I remember posting something similar to this around the same time last year, and getting a very positive response. Essentially what I'll be doing is sizing up the prospects, and letting you know which players are being under and overvalued in this particular draft class. Of course I'll provide my reasoning.
Group 1: OVERrated
C-Hasheem Thabeet, 7'3" 265, out of UConn
You all have to trust me on this one, because I graduated from UConn in 2008 and covered the men's basketball team for the university publication. I've studied Thabeet closely, and even this season (when I was no longer on the Storrs campus) I was able to watch a bunch of UConn's games on national television.
Sure he's coming off the best season of his short collegiate career, but I'm generally ignoring the numbers for a post like this. I'm looking at the skills. Thabeet certainly has great size and length, but that doesn't necessarily translate into rebounding success. Why not? Because Thabeet has stone hands; he can't catch a pass, let alone a rebound.
His rebounding statistics improved this year because of a better understanding of positioning, but his boards fell primarily in the "soft" category. What I mean by that is, he picks up loose balls that trickle away from the rim or grabs a gimme rebound when the defense drops back to protect against the fastbreak.
Defensively, Thabeet should still be a shotblocking force at the next level, but that'll be his only notable skill. He has a soft touch from the foul line for someone of his height and hand size, but he hasn't shown the ability to utilize that in a mid-range game. Not even close, really.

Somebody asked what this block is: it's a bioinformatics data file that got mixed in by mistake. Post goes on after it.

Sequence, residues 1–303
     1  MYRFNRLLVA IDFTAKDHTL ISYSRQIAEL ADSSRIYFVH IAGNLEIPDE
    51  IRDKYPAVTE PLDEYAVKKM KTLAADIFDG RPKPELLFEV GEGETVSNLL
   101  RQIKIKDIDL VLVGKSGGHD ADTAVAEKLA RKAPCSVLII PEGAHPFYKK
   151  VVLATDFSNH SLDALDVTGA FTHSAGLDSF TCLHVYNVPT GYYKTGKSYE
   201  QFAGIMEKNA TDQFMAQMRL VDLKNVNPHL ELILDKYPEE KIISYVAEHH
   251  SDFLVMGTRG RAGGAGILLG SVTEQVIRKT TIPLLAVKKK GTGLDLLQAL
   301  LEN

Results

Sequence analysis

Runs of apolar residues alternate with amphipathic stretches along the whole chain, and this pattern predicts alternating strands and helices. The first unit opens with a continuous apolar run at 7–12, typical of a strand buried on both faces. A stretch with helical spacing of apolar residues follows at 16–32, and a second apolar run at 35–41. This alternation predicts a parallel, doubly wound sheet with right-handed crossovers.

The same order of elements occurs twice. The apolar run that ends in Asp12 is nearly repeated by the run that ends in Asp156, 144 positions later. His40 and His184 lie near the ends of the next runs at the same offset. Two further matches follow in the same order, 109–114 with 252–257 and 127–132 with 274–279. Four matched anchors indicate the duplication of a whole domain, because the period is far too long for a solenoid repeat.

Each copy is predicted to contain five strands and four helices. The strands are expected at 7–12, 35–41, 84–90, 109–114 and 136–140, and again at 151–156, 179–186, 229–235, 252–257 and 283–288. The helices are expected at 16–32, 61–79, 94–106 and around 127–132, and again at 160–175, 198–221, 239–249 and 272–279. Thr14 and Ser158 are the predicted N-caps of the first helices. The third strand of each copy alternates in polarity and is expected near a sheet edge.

Basically, Hasheem is soft, and he doesn't have the mind for the game. I can see him being an elite shotblocker right away, but not developing into much else in the future. Is that worthy of a No. 2 overall selection?
I don't think so.
PF-Jordan Hill, 6'10" 235, out of Arizona
I like Hill's aggressiveness and intensity, but he doesn't appear to have the touch to develop a well-rounded offensive game. He should be an active rebounder and hustle player in the NBA, but I think the team that drafts him would be lucky if he eventually developed to the level of, say, Nene Hilario.
Is that really what you want out of a No. 4 overall pick? It's taken quite awhile for Nene to get to the level he's at now, and he's still not an elite player or even an all star. If Hill falls into that category, with guys like Anderson Varejao and Nick Collison, that wouldn't be the correct bang for the buck for a potential top five selection.
SG/SF-James Harden, 6'5" 220, out of Arizona State
James is a strange player. Most NBA scouts are listing him as a shooting guard prospect, but he doesn't really shoot the ball well. He's more of a slasher who is feeling his way around on the court, looking for opportunities to showcase his athleticism and pick up some easy buckets.
I don't project him as an eventual No. 1 or 2 scoring option, which is what you'd want out of a shooting guard in the top five. Harden's basketball IQ is poor, and I think he's years away from developing from a negative into a positive for an NBA franchise. His phenomenal athletic ability would make him useful in a Ronnie Brewer-type NBA role, but the question is, could they get Harden on board with something like that?
And even if his potential team could, well, that's not what you want out of a front-end lottery pick.
Others: (List only) DeMar DeRozan-SG, USC; Eric Maynor-PG, VCU, and Jeff Teague-PG, Wake Forest.
Group 2: UNDERrated
PF-Tyler Hansbrough, 6'8" 245, out of North Carolina
Virtually every draft projection site has "Psycho T" in the late first round, or early second. It's the old, "Excellent collegiate player who we don't like because he can't jump out of the gym, and isn't a 7-foot big man" scenario.